I’m listening to a fabulous conversation between Robert Bly and Donald Hall, the debut of Garrison Keillor’s “Literary Friendships” series. I know these two, because they were the pet luminaries on the Bennington campus when I did my MFA there. I loved how cranky they were with each other and how their five decades of friendship, which began at Harvard, has mellowed to near perfect acceptance and affection for each other, without either giving an inch on what he believes and what he believes is ridiculous in the other. “He gets everything wrong,” Hall is saying on the show, “and I get everything right.” They are scrapping even now, leaving no room for Garrison to interject the next sage question. They are laughing about pouring beer on each others heads.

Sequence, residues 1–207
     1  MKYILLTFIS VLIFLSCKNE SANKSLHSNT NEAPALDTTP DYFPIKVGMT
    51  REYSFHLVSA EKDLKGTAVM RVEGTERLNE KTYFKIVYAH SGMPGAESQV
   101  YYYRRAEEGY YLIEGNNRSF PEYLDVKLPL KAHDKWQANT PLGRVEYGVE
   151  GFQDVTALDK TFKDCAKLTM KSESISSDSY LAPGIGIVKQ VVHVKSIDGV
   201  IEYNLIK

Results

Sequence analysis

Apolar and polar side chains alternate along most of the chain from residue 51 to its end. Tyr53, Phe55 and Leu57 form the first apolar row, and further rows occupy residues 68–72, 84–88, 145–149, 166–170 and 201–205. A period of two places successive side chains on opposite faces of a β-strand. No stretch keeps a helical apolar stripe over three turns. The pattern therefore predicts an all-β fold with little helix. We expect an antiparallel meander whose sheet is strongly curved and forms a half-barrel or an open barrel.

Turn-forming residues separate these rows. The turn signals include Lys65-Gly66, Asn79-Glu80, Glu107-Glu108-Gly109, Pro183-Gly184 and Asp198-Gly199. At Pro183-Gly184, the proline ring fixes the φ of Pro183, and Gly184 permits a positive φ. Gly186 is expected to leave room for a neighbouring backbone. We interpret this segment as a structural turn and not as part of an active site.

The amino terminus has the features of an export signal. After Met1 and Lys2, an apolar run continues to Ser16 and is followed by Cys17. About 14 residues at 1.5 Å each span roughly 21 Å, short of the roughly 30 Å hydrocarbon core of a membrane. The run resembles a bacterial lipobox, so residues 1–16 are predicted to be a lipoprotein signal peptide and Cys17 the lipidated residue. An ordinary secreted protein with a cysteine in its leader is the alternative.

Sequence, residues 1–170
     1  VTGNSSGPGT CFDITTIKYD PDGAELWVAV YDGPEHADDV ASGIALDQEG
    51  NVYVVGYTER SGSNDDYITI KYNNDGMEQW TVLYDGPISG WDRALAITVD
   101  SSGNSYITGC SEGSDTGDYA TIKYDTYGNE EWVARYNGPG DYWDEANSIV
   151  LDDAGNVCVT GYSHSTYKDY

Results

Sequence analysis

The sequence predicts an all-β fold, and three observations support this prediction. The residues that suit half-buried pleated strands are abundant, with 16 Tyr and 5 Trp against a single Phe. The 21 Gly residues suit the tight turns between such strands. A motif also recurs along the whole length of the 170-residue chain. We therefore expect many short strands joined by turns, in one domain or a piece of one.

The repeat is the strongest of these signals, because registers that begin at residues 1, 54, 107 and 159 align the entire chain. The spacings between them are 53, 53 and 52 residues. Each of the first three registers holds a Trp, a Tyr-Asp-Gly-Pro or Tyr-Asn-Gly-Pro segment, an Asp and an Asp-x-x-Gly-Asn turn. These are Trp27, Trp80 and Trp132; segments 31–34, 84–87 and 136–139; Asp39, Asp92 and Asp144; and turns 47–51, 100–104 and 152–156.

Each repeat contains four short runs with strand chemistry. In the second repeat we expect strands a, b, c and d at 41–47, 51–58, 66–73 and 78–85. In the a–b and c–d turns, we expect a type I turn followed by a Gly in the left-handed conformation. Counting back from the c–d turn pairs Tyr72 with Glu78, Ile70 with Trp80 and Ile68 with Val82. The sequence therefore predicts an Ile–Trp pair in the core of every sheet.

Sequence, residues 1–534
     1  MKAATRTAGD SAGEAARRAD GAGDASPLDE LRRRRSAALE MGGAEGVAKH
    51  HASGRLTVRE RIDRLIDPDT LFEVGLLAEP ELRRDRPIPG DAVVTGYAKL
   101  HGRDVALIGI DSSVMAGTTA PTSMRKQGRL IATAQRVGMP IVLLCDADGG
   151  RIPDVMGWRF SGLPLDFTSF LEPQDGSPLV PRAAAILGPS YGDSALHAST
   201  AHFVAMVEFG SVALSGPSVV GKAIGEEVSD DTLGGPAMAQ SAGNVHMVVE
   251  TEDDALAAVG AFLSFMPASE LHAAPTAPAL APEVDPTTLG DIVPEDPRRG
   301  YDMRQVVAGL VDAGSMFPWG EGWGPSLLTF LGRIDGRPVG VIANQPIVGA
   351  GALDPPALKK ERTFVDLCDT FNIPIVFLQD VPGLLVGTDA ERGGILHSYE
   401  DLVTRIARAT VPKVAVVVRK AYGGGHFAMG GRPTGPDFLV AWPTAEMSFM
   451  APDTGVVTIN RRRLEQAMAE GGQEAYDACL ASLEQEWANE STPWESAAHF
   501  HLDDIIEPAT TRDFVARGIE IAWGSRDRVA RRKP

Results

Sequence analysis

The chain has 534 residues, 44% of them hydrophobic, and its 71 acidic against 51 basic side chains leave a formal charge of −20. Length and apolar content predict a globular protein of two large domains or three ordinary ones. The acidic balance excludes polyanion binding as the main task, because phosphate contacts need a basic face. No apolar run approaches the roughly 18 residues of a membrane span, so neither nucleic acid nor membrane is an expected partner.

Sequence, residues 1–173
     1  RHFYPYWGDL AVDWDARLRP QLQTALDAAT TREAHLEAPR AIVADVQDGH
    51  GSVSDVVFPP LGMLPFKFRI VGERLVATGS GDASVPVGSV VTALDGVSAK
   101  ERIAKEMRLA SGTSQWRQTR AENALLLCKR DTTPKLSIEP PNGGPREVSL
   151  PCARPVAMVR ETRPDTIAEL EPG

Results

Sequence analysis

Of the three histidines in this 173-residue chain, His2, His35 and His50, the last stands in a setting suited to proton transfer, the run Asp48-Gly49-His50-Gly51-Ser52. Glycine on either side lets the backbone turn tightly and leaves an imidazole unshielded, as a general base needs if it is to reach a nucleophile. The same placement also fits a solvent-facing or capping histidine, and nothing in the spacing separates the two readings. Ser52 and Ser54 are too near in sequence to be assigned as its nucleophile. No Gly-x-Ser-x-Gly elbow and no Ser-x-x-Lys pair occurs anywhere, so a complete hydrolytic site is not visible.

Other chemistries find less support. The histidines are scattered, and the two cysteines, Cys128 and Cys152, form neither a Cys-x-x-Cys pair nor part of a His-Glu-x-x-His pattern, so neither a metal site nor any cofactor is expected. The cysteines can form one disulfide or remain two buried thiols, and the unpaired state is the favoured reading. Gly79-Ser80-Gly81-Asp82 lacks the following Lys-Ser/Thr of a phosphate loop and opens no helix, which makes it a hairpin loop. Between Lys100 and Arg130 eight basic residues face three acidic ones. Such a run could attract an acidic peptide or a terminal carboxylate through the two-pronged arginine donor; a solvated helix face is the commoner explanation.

Bly always irritated me with his Luddite pontifications against the internet, and now he’s at it again, decrying how writers these days send e-mails to each other instead of letters on paper. And they delete the messages! Horrors! Well, actually, the messages are probably gently piling up on the writers’ hard drives, and the back and forth in words is performing the exact same role that Bly’s and Hall’s thousands of letters served: to connect and challenge and support. Good for Garrison for thinking up this way of highlighting the un-solitary part of the writing life.